“I put an Instagram post out and everyone was commenting like ‘woah, you must be having a great time’.”
Social media can mask what a person is actually feeling.
According to the 2017-18 community life survey, men (27%) are more likely than women (20%) to say they never feel lonely.
As a social media influencer, Josh admits: “With the notoriety, there is a pressure to kind of live that lifestyle. I’m guilty of it massively. You end up doing things purely for gratification.
“I know for a fact that if the sun’s over there with the beach over here and my abs are looking sick, I know when the likes start rolling in from certain people and you hit a certain number – that gives me gratification.
“That was before I had a big following. You get in your feelings about it, the more followers you have, the more people that judge and the more people that comment.”
What should be expected of men?
“Just to be happy and have everyone around you happy – I think that should be the only expectation as a man,” says Olu.
James says: “We should be expected to be a bit more open and free with our emotions and not be afraid that being in touch with our feelings is emasculating – it’ll make society much better.”
David adds: “I think what should be expected is that people shouldn’t make you feel like you have to be masculine and can’t talk about things.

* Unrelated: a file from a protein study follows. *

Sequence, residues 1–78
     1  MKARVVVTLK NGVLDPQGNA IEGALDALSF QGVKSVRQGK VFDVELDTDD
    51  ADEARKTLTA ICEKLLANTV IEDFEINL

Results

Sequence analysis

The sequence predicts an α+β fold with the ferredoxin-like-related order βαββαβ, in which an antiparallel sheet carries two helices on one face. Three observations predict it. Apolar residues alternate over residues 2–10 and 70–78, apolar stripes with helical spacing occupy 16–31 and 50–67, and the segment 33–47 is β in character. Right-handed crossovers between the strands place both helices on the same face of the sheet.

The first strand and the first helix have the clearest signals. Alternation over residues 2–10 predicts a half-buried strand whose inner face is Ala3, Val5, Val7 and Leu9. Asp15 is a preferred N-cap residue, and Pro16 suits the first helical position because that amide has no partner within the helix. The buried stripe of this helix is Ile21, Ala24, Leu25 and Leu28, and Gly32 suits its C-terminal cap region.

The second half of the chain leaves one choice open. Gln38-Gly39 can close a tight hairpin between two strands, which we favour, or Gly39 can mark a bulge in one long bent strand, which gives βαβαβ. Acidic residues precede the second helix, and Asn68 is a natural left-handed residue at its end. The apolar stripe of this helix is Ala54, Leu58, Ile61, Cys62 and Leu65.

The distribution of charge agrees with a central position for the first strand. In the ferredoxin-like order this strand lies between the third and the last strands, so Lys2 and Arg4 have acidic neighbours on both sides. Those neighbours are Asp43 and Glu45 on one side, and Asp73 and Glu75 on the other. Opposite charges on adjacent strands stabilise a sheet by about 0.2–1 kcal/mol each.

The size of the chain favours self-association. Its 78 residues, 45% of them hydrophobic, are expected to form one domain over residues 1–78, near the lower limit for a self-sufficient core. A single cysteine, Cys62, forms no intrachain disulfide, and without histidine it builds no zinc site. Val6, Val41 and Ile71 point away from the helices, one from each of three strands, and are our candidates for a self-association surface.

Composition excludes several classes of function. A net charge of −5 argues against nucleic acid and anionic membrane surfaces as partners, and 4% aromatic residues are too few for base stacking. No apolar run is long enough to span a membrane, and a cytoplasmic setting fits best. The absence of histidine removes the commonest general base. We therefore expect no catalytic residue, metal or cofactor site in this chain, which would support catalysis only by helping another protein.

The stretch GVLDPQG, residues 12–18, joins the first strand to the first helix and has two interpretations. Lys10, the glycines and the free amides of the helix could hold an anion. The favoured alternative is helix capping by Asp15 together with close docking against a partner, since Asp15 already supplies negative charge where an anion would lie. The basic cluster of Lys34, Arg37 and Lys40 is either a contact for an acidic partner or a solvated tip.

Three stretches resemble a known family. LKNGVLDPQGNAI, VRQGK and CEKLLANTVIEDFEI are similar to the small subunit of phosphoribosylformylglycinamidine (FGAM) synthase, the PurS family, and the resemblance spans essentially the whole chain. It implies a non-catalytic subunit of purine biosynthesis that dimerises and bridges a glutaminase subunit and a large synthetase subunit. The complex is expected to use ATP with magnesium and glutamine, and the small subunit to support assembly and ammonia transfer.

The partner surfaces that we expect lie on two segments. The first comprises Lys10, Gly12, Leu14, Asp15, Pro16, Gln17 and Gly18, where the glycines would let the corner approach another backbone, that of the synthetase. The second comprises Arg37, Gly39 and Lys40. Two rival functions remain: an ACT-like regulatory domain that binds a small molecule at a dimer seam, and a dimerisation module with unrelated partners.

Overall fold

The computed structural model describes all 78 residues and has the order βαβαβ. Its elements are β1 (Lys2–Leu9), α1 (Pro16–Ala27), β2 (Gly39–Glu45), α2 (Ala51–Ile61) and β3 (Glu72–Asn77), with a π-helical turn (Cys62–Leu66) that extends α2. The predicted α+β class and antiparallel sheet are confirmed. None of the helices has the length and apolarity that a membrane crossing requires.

“Look at the stats and look at what’s happening. Men should be able to speak out.”
This year’s Mental Health Awareness Week is focused particularly on body image, with the Mental Health Foundation releasing these stark statistics:
- Among teenagers, 37% felt upset, and 31% felt ashamed in relation to their body image.
- Just over one third of adults said they had felt anxious (34%) or depressed (35%) because of their body.
- One in eight (13%) adults experienced suicidal thoughts or feelings because of concerns about their body image.
Reality TV shows such as Love Island have been criticised for triggering body image issues in young people.
Josh, who came third last year, says: “I remember watching the first three seasons and everyone’s in mad shape – the type you follow on Instagram. Then I get the call that I’m going into the villa in six weeks.
“I lived in the gym before I went in and even with that I remember looking in the mirror before I went in and, even though I was shredded, I still didn’t want to go in.
“Even now, there’s nothing worse than being on the beach, you can see a guy with an amazing six-pack walking along and you look down at yourself and feel so emasculated.”
Even Olu, when he was training as a footballer, struggled with how he looked.
“I started to hate myself,” he says.
“I heard a fan shout when I was playing a couple years ago ‘Oi, fat boy, pull your socks up’.
“All I thought was ‘flipping hell, I’m not good enough, my body’s horrible’ – I just hated it.”
If you, or someone you know, have been affected by mental health issue, help and support is available: bbc.co.uk/actionline